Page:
Yet Tushnet doesn’t leave her meditation of friendship on a rosily sentimental note. It’s all well and good, one imagines, to propose a more prominent position for friendship in modern Christian life—but what this would really look like is fraught and complicated, which Tushnet acknowledges. Could an avowed pair of same-sex friends with acknowledged homosexual feelings cohabitate without giving the appearance of scandal? Tushnet hesitates: “the danger,” she admits, “is real.” Could these tightly intimate friendships coalesce into sexually realized relationships? It could happen, but for Tushnet “the preventative measure of avoiding intimate same-sex friendship entirely is even worse.”
(Aside: I don't think "pace" means what the article author thinks it means! Can't TAC get basic usage correct? Editor!)

So Tushnet literally believes that people who are sexually attracted to each other but should never have sexual relations should make lifelong vows to each other and even (apparently) maybe live together as an "avowed" couple, and that the "dangers" this poses are less than the alleged "dangers" of, er, something. The dangers of not doing this. Because not doing this is just so horribly dangerous in some way or other. Presumably dangerous because homosexuals would feel lonely. So their loneliness should be addressed by encouraging them to pair up in couples and to make vows to each other to love each other forever and be permanently related and connected to each other as "avowed friends," maybe even to live together, though they are never supposed to be engaging in sexual acts. And these avowed homosexual "friendships" are supposed to receive institutional recognition, too, from the church!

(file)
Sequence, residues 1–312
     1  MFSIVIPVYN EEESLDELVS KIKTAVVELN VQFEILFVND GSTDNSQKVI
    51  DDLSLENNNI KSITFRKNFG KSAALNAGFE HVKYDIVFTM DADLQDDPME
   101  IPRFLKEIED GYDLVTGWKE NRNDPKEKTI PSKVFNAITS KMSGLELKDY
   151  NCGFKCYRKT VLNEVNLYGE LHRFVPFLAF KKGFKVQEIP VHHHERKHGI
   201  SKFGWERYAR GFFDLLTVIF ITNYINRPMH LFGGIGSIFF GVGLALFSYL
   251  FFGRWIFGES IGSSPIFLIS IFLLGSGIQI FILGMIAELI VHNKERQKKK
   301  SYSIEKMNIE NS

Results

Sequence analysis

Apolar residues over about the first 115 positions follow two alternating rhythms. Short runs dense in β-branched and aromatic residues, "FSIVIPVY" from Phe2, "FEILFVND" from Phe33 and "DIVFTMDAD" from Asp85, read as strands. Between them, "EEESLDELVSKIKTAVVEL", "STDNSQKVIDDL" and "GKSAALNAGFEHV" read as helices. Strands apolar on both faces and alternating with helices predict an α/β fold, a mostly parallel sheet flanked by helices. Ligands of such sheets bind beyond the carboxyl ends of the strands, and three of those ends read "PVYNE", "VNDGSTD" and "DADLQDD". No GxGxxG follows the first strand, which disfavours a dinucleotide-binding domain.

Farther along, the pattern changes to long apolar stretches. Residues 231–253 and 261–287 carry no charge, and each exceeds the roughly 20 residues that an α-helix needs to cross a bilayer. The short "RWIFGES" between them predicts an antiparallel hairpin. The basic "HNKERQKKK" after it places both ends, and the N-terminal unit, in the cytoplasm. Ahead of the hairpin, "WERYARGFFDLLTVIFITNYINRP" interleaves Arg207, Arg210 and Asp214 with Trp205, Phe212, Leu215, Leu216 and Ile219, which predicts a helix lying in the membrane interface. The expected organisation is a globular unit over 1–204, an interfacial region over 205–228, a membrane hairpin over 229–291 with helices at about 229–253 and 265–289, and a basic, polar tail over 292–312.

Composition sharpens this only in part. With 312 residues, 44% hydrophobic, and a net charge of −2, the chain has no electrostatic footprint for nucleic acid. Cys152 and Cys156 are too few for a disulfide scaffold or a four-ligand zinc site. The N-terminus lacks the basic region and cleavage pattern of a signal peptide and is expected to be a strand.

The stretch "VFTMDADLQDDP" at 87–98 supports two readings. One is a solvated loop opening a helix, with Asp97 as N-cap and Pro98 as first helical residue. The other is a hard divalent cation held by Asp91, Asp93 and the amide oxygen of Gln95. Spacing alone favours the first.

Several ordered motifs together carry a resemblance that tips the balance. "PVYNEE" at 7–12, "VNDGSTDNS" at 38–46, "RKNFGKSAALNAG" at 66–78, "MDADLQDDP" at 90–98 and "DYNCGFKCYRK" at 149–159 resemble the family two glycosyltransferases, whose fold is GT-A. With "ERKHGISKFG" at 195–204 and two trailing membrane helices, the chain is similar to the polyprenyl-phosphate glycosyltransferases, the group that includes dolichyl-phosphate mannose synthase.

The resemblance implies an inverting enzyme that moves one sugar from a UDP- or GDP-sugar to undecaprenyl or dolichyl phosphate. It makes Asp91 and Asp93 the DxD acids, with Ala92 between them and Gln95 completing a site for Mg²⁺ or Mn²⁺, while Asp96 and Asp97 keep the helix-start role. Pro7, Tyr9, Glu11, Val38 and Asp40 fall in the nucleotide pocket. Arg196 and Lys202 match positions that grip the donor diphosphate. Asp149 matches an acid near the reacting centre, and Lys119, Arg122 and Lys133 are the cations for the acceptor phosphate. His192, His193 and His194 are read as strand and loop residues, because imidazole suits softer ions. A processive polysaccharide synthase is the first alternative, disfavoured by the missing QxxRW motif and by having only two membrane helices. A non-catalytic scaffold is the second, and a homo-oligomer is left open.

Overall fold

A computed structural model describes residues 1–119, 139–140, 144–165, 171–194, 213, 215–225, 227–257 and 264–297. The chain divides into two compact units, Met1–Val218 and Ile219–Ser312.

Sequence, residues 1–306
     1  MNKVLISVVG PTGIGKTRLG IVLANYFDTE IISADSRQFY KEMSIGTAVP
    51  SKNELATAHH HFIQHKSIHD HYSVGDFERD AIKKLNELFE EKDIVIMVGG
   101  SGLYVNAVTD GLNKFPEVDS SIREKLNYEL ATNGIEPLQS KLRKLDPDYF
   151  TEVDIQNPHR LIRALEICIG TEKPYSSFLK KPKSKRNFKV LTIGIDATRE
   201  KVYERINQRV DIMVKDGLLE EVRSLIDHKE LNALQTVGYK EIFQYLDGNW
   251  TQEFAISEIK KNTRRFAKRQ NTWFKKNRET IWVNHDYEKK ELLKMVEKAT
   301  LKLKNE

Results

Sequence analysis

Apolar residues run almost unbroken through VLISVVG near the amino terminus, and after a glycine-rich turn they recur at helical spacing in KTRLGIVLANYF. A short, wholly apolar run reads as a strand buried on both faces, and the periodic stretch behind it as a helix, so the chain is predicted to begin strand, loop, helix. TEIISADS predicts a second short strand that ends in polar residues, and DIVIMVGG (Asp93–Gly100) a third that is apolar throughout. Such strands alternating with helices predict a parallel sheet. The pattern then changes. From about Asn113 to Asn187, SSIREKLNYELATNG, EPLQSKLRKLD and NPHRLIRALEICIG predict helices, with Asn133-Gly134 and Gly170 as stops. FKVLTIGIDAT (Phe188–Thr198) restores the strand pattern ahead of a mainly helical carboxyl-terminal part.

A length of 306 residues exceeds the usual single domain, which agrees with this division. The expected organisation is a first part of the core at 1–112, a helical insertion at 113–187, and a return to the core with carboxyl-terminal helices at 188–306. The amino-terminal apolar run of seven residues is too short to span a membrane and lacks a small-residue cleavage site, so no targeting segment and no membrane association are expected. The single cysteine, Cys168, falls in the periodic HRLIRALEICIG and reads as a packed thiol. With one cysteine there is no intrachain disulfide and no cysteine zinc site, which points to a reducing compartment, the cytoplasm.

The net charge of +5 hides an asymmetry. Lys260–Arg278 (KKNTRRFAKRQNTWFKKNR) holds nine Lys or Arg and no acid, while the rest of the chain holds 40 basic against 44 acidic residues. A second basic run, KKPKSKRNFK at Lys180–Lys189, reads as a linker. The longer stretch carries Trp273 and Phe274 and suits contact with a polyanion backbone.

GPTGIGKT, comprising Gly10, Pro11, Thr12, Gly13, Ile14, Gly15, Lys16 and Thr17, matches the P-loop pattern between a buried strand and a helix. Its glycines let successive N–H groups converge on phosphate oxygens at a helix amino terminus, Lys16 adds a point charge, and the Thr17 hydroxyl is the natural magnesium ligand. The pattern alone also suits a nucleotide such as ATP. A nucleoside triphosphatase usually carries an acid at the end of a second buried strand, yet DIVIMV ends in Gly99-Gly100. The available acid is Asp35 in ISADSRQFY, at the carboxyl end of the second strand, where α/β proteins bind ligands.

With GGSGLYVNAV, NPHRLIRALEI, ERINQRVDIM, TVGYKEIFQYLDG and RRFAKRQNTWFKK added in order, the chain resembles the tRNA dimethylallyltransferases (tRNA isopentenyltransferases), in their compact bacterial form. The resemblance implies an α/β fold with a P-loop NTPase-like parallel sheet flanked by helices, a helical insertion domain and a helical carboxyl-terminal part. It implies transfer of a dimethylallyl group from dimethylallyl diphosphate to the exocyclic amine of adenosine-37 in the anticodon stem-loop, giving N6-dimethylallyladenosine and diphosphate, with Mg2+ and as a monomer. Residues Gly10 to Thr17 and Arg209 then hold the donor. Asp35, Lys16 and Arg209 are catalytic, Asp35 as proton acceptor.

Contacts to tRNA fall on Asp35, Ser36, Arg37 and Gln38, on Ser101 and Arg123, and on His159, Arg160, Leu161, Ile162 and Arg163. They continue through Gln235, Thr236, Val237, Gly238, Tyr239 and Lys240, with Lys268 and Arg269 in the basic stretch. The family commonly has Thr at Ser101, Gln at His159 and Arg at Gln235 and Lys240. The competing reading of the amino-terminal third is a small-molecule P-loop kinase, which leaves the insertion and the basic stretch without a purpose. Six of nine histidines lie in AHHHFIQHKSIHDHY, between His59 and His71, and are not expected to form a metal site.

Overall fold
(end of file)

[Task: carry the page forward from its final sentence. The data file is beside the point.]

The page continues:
This is insanity on stilts. Such relationships would of course be connected to romantic feelings in these cases, not just to friendship. In fact, the whole reason that friendship can be intense between two members of the same sex and can be a good and positive thing is because it is friendship as opposed to sexual attraction. Tushnet clearly doesn't get this and thinks it's a cool idea to blur the distinction between non-erotic friendship and erotic friendship. Moreover, taking a vow would mean that the homosexual person who decided that this was a very bad idea and that he was being constantly led (at least) to impure thoughts and causing scandal in this way would think that God would disapprove of his severing the connection. Because he took a vow! Thus he would develop a false conscience about avoiding the occasion of sin and scandal. (So much for "make no provision for the flesh to fulfill the lusts thereof." [Romans 13:14] I really do not think Tushnet knows her Bible well at all.) Is she totally crazy?

Read the rest of the article for the ad hoc moves needed to rule out "avowed friendship" between a married man and a woman other than his wife whom he can never marry. Wouldn't it just be loverly for a husband to have an "avowed friendship" with a woman other than his wife? What about a husband who has same-sex attraction and who has both a wife and an "avowed" same-sex friend? Tushnet's answer, apparently, is that it is perfectly okay for a person who suffers from same-sex attraction but has married a member of the opposite sex to have, in addition to his vows to his spouse, vows to a same-sex "friend." But it's never okay for an opposite-sex-attracted person to have an avowed friend (with whom he is never supposed to have sexual relations) of the opposite sex. Because reasons. Got that?